By Suraj Narine
When trouble erupted over the tabulation of the Region Four votes via a less than transparent process, almost all international observers joined their voices in protest of what took place and called for respect and use of the credible procedures. US Ambassador to Guyana, Sarah-Ann Lynch was one of the many international observers who shared in these concerns while calling for a return to the democratic process.
But her sentiments and that of other Ambassadors from Britain, Canada and the European Union (EU), were quickly condemned by APNU+AFC government agents as they deemed it to be meddling in the country’s political affairs.

During an interview earlier today on Kaieteur Radio, the envoy was asked to respond to the said criticisms.

The US Ambassador said, “I think I can speak for myself and say if I had stayed silent this year and not spoken up, I think that would have been the wrong thing to do. I think it is our job to observe and speak up when we see things that may not be going as well as we had hoped and we will continue to do that …We will also do things respectfully.”

The envoy recalled that her statements regarding a return to the democratic process were also echoed by many other international observer missions such as CARICOM, the Organization of American States (OAS), Commonwealth, EU, and the Carter Centre. She reminded too that statements were also made by bilateral partners such as France, India, and Norway. “…So I think we were in good company because we all had similar observations,” the Ambassador added.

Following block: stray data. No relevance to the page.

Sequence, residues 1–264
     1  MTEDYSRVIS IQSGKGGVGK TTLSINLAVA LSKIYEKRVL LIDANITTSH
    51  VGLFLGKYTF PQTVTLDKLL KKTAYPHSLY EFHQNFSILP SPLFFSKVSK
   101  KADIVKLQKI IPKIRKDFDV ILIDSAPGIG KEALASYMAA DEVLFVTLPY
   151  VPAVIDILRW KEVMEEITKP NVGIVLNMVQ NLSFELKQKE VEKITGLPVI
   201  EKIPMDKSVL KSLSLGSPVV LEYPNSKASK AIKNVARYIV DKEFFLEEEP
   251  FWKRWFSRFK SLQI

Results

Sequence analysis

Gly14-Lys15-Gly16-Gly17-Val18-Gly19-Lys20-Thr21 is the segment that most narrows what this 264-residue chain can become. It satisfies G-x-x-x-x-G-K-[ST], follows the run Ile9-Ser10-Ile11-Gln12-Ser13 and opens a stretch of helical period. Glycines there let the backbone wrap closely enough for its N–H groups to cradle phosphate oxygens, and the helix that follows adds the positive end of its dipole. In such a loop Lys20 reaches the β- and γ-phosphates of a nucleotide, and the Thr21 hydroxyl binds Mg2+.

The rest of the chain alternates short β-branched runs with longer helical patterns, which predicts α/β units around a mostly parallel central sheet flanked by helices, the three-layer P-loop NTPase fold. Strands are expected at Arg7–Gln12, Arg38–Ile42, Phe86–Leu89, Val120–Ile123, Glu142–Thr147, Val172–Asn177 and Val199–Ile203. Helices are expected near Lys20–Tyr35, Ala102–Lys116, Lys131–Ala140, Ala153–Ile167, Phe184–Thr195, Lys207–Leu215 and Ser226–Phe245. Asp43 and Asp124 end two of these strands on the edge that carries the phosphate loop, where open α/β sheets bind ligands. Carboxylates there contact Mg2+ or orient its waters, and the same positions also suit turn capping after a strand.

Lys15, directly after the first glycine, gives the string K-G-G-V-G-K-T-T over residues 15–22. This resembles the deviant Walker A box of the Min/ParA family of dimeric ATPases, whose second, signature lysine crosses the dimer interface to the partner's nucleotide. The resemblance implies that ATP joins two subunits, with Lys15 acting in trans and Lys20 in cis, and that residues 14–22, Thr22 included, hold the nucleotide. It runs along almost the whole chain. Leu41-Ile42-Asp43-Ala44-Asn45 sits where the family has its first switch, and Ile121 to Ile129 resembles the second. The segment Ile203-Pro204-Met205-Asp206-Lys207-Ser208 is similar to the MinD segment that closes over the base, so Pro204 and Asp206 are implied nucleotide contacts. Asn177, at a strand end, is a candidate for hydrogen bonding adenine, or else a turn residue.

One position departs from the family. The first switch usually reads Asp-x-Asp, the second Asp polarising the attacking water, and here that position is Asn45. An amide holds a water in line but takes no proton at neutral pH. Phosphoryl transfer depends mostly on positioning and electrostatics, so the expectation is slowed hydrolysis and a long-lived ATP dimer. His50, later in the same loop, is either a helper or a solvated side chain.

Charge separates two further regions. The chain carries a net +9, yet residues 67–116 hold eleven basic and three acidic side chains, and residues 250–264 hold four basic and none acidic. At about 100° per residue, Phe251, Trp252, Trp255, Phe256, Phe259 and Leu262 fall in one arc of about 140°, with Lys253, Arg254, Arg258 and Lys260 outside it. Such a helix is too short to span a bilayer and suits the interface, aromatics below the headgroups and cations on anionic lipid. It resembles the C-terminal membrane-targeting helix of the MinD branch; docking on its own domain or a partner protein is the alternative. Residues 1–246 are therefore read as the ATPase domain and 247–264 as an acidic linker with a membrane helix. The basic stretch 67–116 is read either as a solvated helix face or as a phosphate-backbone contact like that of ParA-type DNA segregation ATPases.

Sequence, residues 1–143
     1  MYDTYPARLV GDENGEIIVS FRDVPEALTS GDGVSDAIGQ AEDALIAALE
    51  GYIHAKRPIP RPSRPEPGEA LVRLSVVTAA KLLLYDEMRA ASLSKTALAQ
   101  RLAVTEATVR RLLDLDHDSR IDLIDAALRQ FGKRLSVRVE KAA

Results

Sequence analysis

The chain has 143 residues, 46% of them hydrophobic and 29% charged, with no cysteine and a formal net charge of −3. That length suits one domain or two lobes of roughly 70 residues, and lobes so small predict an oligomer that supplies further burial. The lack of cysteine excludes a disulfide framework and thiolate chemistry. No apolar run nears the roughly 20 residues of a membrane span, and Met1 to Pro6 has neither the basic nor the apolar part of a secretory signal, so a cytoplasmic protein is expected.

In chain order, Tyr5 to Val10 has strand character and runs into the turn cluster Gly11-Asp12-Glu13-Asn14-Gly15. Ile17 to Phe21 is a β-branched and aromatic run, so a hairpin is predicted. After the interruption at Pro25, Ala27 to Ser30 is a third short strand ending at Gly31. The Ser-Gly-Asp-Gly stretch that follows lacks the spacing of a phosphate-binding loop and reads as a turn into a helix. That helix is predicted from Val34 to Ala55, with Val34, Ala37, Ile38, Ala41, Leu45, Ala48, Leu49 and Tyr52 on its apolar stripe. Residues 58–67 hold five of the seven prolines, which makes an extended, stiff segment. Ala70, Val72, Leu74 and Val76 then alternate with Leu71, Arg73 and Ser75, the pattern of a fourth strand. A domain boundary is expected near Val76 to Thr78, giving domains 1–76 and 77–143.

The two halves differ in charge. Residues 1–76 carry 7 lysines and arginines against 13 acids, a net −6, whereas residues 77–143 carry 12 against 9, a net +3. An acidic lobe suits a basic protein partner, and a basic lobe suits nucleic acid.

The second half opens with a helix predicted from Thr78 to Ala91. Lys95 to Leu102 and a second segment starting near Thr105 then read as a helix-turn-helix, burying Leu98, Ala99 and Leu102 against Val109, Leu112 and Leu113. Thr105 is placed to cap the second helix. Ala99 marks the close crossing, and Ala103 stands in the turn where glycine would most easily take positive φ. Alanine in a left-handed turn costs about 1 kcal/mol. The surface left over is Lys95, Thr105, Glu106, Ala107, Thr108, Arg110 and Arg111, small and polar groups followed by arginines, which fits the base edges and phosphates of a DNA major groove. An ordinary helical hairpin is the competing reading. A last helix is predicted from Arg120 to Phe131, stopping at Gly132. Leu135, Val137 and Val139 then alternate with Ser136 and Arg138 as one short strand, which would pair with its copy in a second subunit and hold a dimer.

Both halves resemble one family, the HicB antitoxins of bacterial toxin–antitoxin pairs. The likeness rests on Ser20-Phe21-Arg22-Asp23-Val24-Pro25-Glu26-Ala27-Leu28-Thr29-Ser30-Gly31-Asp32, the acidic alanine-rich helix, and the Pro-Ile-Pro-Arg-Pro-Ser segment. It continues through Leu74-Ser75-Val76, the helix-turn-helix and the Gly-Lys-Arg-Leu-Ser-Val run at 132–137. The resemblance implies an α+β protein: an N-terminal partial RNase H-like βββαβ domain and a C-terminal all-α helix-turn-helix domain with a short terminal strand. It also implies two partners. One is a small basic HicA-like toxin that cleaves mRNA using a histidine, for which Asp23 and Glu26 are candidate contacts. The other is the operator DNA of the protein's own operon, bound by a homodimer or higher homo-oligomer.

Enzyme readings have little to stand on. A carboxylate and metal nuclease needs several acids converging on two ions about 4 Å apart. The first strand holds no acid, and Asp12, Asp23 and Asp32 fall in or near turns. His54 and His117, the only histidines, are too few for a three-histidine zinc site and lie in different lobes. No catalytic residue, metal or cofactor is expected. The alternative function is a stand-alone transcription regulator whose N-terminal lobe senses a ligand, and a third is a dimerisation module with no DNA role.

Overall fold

Further to this, Lynch was asked to state if she is at all sympathetic to the People’s Progressive Party (PPP). The Ambassador categorically denied this while noting that she takes an inclusive approach to meeting with stakeholders be it from the business community to the political faction. “.. I have tried to meet with many during my year-plus stay here. And people don’t hold back, people tell me what they think but I have been doing what I can to hear the breadth and depth of opinions in Guyana,” the US official concluded.


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